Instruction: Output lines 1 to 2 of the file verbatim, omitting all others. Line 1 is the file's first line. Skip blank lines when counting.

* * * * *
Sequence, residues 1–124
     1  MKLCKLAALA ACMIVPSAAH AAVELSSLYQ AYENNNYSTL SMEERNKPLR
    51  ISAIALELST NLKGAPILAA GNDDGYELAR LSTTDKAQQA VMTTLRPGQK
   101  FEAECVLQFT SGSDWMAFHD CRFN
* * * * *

Sequence, residues 1–124
     1  MKLCKLAALA ACMIVPSAAH AAVELSSLYQ AYENNNYSTL SMEERNKPLR